England ‘spied on rival World Cup bidders’

MORE allegations of corruption during the bidding process to stage the World Cups in 2018 and 2022 have been made.
It is alleged Fifa president Sepp Blatter was enlisted to lobby for votes by Vladimir Putin. Picture: APIt is alleged Fifa president Sepp Blatter was enlisted to lobby for votes by Vladimir Putin. Picture: AP
It is alleged Fifa president Sepp Blatter was enlisted to lobby for votes by Vladimir Putin. Picture: AP

England, Russia and Qatar have been accused of breaking Fifa rules during the bidding process for the two World Cups – which saw Russia and Qatar win the bids.

A document compiled by a national newspaper, and published by Westminster’s Culture, Media and Sport select committee, accuses Russia and Qatar of engaging in vote-buying and vote-trading while England is alleged to have run an intelligence-gathering operation against rival nations.

All three countries have previously denied any wrongdoing.

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According to claims made in a newspaper yesterday, allegations of wrongdoing were contained within a database compiled by England’s 2018 bidding team. The committee published the dossier yesterday, containing claims that during the bid’s two-year campaign, intelligence was flooding into its offices at London’s Wembley stadium.

Some of the information came from British embassies monitoring activities of voters and rival bidders, some was taken from conversations with voters and fixers, and some was from private investigation companies with close links to MI6.

The paper claimed Russian President Vladimir Putin played a major role in his country’s winning bid, even, it says, enlisting Fifa’s president Sepp Blatter to help lobby for votes.


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Another claim suggests the Russia bid had lobbied for the support of Michel Platini – the Uefa president and a Fifa voter – by giving him a painting believed to have been a Picasso.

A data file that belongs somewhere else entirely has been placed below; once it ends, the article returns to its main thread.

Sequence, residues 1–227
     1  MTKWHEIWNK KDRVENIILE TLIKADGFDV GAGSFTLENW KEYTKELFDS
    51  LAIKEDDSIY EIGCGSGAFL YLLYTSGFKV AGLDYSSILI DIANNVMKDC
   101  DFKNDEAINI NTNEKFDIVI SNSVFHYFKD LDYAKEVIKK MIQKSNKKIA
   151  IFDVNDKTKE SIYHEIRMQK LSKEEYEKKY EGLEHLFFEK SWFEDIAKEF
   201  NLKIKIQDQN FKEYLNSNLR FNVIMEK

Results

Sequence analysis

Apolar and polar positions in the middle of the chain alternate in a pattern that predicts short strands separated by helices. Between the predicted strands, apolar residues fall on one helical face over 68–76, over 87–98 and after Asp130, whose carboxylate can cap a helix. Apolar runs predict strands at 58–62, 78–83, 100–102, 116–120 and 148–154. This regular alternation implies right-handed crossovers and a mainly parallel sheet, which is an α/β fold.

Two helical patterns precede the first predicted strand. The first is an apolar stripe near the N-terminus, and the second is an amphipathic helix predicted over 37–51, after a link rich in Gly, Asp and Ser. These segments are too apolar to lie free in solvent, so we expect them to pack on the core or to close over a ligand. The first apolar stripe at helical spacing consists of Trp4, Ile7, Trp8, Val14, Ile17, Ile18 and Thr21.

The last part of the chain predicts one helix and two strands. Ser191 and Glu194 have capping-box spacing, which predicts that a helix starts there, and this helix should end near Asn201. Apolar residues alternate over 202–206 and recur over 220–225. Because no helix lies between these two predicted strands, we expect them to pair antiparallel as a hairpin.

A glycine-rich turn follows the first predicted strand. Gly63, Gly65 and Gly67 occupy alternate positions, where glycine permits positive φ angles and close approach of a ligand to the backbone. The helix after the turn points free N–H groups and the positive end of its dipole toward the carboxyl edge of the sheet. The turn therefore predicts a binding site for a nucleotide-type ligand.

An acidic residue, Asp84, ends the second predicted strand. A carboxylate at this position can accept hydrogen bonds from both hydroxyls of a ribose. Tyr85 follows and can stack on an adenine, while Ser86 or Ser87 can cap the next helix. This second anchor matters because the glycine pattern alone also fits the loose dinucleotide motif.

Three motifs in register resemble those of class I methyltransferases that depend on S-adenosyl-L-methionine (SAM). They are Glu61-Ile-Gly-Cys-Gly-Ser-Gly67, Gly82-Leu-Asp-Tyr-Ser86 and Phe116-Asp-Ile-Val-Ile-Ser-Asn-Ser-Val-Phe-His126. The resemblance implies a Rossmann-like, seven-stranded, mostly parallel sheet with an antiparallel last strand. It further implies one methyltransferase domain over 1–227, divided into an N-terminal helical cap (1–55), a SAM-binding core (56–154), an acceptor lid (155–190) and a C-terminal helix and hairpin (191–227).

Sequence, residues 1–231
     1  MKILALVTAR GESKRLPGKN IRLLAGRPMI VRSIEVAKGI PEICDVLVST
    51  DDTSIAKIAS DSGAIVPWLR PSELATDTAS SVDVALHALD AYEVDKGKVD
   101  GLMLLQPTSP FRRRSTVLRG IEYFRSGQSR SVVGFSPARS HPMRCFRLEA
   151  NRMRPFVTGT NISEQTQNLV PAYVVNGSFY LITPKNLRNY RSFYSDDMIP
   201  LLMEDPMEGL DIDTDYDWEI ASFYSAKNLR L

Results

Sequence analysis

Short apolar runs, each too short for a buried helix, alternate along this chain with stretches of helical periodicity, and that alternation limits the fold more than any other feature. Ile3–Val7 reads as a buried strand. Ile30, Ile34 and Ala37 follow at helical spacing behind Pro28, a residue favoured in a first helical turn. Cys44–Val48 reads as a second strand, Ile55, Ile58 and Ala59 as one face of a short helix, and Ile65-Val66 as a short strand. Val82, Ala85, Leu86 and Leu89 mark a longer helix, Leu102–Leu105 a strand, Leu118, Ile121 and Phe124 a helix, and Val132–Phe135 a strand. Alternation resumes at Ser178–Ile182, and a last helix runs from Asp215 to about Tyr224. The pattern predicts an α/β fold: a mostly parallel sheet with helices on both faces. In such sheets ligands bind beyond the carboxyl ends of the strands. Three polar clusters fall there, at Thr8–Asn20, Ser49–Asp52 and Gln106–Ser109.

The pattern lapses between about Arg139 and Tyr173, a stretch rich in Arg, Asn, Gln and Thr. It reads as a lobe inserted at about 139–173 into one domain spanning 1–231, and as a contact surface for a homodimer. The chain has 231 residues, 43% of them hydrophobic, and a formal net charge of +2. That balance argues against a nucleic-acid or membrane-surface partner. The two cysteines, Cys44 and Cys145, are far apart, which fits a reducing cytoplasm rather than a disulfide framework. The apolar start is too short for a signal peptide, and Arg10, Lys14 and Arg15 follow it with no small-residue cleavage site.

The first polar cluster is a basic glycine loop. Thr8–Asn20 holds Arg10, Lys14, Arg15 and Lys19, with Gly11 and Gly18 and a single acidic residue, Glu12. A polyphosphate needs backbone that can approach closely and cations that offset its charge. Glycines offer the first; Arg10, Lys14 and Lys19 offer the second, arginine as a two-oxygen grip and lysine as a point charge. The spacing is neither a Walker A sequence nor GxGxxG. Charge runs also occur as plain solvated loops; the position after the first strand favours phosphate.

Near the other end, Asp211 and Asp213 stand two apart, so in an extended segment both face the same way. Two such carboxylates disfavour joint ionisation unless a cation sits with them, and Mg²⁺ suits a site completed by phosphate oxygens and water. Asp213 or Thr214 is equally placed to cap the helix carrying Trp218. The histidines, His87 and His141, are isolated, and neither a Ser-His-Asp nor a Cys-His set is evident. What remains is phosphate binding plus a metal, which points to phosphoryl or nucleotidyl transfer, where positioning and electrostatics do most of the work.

It is alleged that Qatar’s dominance in the natural gas industry helped secure votes through bilateral trade deals.

The chairman of the Culture, Media and Sport select committee, John Whittingdale, admitted none of the allegations had been proven but said they gave the impression of Fifa being a “deeply corrupt organisation”.He said he wanted to now hear from from Football Association (FA) executives to ascertain if the “database” exists and, if so, for them to outline its contents.

Speaking yesterday, he said: “What it is alleged England have been doing is mild compared to allegations made against other nations but nevertheless it is obviously serious, it is a breach of the rules, and therefore we will want to know whether or not it is true and how the FA justify it.

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“Obviously a lot of it is reports and hearsay. It isn’t necessarily hard evidence, it isn’t proven.But nonetheless, taken together with all the other evidence that has already been accumulated it does paint a picture of [Fifa as] a deeply corrupt organisation.”

The FA said in a statement: “The FA can confirm the England 2018 bid engaged with a number of parties around the world to provide background information on the progress of the bidding process within different countries. These were media and corporate affairs consultants engaged on a confidential basis to gather intelligence.

“The fact the bid team had taken advice on intelligence gathering was referenced to Mr Garcia [Michael Garcia conducted a two-year inquiry into alleged corruption within Fifa] as part of the investigative process.

“The FA reiterates that it has fully complied with all disclosure requests from Mr Garcia.”


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